The environment on the International Space Station changes both plants and astronauts in ways that affect the flavor of space-grown crops.
In 2015, astronauts grew and ate red lettuce on the ISS as part of the Veggie experiment. How did their crop taste? Kjell Lindgren declared the lettuce “awesome,” and JAXA astronaut Kimiya Yui agreed that he liked it. But it tasted slightly more bitter than usual for that type of lettuce. “It tastes like arugula,” said former NASA astronaut Scott Kelly. This did not surprise Dr. Gioia Massa, the NASA project scientist for Veggie. “The plants in this group get more bitter compounds if they’re under some stress,” Massa said in an interview.
Plants experience stress when environmental conditions such as sunlight, temperature, and moisture are outside the ideal range. Damage from disease or insects are other sources of stress. And all Earth life forms, from plants to ants to humans, are stressed by the microgravity environment on the ISS—evolution did not prepare us for weightlessness!
In response to stress, plants produce protective chemicals that can hinder the growth of nearby competing plants, prevent the growth of disease-causing bacteria and fungi, and discourage insects and animals from eating the plants. Natural protective chemicals made by lettuce, chicory, and related plants, known as sesquiterpene lactones, have a bitter taste. Plants under stress make more of these chemicals and taste more bitter. But that’s not a bad thing. Ground-based research suggests that these chemicals are probably beneficial to our health. They help reduce inflammation and prevent tumors in mice.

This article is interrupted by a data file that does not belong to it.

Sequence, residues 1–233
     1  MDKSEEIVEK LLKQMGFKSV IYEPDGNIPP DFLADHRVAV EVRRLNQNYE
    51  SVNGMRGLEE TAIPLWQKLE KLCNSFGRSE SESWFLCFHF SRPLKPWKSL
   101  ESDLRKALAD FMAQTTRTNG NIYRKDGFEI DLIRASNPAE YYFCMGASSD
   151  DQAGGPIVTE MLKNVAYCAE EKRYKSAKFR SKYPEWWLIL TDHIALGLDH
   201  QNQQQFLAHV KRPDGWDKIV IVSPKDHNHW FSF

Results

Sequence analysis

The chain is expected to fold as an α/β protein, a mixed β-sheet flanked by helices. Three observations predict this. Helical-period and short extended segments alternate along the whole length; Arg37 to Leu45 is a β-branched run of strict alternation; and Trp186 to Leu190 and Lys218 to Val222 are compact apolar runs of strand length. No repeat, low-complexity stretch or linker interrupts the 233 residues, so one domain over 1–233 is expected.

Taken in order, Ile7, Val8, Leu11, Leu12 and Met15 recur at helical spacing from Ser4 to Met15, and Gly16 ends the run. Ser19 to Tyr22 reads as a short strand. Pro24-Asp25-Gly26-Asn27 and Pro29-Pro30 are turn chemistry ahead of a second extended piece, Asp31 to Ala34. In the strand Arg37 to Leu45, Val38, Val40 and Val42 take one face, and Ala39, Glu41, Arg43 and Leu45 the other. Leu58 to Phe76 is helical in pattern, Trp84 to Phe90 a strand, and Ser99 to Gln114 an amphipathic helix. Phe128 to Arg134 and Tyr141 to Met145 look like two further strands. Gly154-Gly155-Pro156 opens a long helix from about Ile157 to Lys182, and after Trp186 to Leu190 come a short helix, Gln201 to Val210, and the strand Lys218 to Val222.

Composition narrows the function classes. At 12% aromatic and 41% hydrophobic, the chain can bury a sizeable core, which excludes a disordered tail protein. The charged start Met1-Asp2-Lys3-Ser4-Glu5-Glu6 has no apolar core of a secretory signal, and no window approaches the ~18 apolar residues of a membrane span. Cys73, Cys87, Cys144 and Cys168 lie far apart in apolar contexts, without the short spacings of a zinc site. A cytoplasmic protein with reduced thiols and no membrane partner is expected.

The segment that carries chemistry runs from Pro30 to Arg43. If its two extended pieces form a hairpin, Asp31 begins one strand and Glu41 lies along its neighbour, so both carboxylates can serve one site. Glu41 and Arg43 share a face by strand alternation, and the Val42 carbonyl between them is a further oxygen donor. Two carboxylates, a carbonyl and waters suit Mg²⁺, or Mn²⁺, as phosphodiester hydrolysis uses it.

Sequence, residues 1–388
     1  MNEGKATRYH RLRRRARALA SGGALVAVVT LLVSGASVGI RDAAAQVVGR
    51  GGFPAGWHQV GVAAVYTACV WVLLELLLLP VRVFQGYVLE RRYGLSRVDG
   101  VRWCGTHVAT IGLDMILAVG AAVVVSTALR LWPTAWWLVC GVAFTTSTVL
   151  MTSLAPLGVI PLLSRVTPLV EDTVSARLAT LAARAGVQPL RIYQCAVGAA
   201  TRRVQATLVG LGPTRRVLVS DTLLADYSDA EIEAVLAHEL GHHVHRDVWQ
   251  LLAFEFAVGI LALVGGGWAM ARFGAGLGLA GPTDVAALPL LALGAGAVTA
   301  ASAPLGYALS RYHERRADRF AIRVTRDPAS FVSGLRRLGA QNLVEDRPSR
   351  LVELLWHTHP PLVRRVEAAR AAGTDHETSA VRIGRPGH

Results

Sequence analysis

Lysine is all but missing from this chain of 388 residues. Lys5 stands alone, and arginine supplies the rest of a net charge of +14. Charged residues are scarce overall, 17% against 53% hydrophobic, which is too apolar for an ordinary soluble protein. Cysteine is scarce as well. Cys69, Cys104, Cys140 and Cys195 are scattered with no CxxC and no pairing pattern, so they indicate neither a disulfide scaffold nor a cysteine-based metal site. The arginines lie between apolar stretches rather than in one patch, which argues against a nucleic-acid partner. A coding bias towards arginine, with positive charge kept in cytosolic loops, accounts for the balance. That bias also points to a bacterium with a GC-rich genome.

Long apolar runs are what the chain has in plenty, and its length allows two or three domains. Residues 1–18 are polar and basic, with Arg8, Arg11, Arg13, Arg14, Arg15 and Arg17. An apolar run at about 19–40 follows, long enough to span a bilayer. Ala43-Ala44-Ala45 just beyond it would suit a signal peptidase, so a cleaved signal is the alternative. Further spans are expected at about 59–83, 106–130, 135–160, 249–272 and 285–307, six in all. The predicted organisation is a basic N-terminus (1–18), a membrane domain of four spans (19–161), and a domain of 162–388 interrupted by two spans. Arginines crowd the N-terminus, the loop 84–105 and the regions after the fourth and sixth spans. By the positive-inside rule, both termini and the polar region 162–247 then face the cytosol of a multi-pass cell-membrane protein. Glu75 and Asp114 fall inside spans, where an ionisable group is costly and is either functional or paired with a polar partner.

The astronauts don’t mind the extra bitterness, preferring strong-tasting foods. “In space,” Massa said, “having that enhanced flavor is actually really desirable.” When you’re weightless, the fluids in your tissues and blood vessels shift to be more evenly distributed throughout your body, instead of being pulled down toward your feet. The extra fluid in your head causes slight sinus congestion, which prevents the smell detectors in your nose from working properly. Experiencing the flavor of food involves our senses of both smell and taste. As anyone who’s had a cold knows, it’s hard to enjoy delicate aromas and flavors with a stuffy nose.
The astronauts’ noses might be stuffy, but their taste buds still work, so they can detect fundamental tastes such as sweetness, saltiness, and bitterness. They can also detect the heat of spicy foods. During his time as commander of the ISS, Canadian astronaut Chris Hadfield said, “Eating in space is like eating with a head cold. You just can’t taste very much. So because of this, a lot of our food tastes kind of bland. That’s why we like especially spicy food here, like shrimp cocktail with horseradish sauce. It’s probably my all-time favorite because it has a real bite.”
So the answer is yes: lettuce does taste different in space, partly because the plant makes bitter chemicals under stress, and partly because living in microgravity affects your senses of smell and taste!